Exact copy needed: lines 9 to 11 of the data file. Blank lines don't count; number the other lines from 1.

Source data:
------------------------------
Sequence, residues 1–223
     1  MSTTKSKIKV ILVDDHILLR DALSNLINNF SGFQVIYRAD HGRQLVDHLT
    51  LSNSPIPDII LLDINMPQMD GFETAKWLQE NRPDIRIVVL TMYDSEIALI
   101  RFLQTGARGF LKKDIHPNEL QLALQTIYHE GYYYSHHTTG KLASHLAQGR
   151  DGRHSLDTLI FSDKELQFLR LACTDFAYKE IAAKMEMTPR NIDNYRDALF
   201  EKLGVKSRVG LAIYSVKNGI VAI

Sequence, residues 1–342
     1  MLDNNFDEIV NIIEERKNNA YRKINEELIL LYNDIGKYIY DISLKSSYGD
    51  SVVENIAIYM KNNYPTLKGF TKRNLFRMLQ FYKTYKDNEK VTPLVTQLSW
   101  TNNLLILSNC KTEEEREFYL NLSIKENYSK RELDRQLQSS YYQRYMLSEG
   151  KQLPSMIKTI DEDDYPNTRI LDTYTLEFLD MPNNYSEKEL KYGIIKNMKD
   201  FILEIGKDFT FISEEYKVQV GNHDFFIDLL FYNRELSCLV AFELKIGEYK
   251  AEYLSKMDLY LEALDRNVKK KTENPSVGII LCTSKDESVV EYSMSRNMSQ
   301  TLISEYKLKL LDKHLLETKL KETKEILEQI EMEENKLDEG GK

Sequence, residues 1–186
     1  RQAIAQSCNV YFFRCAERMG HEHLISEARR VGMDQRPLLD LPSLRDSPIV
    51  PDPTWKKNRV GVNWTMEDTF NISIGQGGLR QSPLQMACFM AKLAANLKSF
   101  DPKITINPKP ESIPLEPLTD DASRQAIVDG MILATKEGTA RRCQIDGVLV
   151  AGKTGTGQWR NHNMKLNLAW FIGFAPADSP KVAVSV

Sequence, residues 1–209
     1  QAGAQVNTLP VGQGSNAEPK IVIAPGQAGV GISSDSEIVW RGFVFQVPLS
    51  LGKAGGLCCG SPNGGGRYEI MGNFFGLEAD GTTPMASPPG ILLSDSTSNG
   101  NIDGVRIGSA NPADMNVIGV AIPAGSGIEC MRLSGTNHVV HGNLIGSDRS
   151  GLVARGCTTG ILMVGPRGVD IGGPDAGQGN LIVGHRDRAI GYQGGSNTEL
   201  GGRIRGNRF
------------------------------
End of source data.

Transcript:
    51  SVVENIAIYM KNNYPTLKGF TKRNLFRMLQ FYKTYKDNEK VTPLVTQLSW
   101  TNNLLILSNC KTEEEREFYL NLSIKENYSK RELDRQLQSS YYQRYMLSEG
   151  KQLPSMIKTI DEDDYPNTRI LDTYTLEFLD MPNNYSEKEL KYGIIKNMKD